Aurelio Zen returns to his native Venice to investigate the disappearance of a rich American resident but he soon learns that, amid the hazy light and shifting waters of the lagoon, nothing is what it seems. As Zen is drawn deeper into the complex and ambiguous mysteries surrounding the discovery of a skeletal corpse on an ossuary island in the north lagoon, he is also forced to confront a series of disturbing revelations about his own life.
©1994 Michael Dibdin (P)2013 AudioGO Ltd
Love having someone read me a story. Fires in the hearth, rain on the roof, sunny days and surf. Good friends, good food and J S Bach.
.... the publishers who really should know better, think any good narrator will do.
Cameron Stewart may be an OK straight reader and he totally fails to capture Michael Dibdin's Zen.
Especially as this is Zen returning to Venice.
It is not a more complicated plot, it is not a darker view of the world.
It is the total failure of Cameron Stewart to capture the nuance, the humour, the niavety of our world weary chauvinist, the blatent hypocracy and corruption that flatens the story and characters.
What would he do to 'Cosi Fan Tutti' ( I shudder to think).?
So far no one can best Michael Kitchen as narrator for Dibdin's Zen.
Classics, history, historical fiction, marketing, Napoleonic stuff and of course 'Boys own Adventure'. This is my bent. Occasional self help as well.
I am sure I wrote a review earlier. This is one of Michael Dibdin best. Aurelio returns to Venice on a little detour to what perhaps he should be doing. Things have changed and although Aurelio gets to the root of it all, he isn't wanted. He loses, he wins, he is nowhere. Just goes to show you can't go back, it isn't there anymore. This book puts it so nicely. As Aurelio puts it at the end of the book speaking to some tourist, "I'm sorry, I can't help you, I'm a visitor here myself", or something like that. Cameron Stewart isn't Michael Kitchen, but does an adequate job. Love the book, love the series. Worth the listen too.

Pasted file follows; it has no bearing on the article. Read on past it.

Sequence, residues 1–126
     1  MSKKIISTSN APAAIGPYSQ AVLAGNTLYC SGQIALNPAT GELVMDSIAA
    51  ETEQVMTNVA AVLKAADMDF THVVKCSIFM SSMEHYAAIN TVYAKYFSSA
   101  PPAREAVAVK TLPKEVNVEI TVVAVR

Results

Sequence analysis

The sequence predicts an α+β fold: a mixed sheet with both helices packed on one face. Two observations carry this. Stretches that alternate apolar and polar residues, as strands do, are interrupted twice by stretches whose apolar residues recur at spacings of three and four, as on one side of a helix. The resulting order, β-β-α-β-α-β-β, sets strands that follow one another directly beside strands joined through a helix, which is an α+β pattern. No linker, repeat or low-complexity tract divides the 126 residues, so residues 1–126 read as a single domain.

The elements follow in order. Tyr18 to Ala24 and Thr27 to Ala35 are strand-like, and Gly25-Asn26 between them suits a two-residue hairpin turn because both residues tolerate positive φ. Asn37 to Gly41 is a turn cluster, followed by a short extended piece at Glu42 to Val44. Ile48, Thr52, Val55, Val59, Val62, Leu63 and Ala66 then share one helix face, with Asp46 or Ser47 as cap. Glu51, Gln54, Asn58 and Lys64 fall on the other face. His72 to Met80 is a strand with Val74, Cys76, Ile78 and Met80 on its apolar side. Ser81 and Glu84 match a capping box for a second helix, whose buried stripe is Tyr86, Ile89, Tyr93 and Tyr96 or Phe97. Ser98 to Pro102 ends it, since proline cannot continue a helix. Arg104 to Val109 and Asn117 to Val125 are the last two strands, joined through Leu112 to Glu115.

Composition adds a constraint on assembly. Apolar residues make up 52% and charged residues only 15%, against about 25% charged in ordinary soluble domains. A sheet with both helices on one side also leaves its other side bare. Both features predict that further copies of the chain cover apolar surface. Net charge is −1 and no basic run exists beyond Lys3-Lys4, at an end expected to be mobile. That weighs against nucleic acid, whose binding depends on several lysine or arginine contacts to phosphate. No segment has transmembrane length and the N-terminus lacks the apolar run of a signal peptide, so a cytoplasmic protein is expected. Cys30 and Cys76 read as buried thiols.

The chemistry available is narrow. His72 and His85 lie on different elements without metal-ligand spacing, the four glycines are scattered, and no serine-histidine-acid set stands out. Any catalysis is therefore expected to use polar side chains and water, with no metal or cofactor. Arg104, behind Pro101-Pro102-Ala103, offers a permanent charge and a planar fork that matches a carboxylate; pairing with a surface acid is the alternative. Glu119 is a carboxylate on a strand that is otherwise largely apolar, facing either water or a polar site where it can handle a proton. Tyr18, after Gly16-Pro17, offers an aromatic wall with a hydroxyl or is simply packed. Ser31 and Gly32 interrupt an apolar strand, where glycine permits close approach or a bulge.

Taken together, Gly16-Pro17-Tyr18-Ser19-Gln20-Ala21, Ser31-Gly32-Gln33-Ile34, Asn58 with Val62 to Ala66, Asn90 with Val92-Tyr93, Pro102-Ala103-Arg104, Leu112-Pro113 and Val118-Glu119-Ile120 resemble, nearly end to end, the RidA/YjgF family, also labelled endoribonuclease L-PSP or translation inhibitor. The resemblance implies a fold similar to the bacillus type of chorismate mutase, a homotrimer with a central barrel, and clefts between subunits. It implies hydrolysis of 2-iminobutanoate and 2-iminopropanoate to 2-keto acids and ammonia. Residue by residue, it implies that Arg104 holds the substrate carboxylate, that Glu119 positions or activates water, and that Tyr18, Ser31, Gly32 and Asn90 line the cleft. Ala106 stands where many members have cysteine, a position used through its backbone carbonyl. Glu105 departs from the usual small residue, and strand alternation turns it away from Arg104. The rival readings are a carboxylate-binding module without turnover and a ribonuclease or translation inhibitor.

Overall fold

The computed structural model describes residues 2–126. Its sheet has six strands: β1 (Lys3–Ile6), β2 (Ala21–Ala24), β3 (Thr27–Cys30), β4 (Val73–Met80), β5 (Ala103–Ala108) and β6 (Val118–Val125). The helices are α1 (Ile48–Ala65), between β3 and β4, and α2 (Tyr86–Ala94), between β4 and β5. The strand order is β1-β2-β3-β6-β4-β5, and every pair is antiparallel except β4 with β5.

Old World Traveler
I love the Dibdin books. The version of this book says it is Michael Kitchen speaking, but it is not. Even so, this is a superb listen. In fact, I have already been through the three other Zen books and thought there were no more. Suddenly, I find this one.
This book is rich. It is like listening to flan with a very subtle caramel sauce dripping off of the edges. There is this rich mixture of Italian mixed in with passionate swear words. There is the elegant analogies. I found myself going back and listening to sections 2-3 times to pick up on the changes in the plot.
Hey, I am not going to spoil it for you. Aurelio is not really Italian. He is Venetian!
Yes. The problem with sitting for 13 hours would be blood collecting in your legs and getting deep vein thrombosis. I'd suggest savoring this listen. Do it 45 minutos a night. You'll enjoy it.
Laguna Morto è delizioso!
"Wonderful story but annoying narrator!!"
It took me back to Venezia.
The pace was ok but why the excessively distorted voices?
"Not the typical view of Venice!!"
Beneath the confusing twists and turns of the mystery are some unattractive views of this famous city. And even more unattractive revelations about the internal politics which always seem to menace Zen.
The prevalent question is, as ever, how is he going to extricate himself and survive with his career intact??!!
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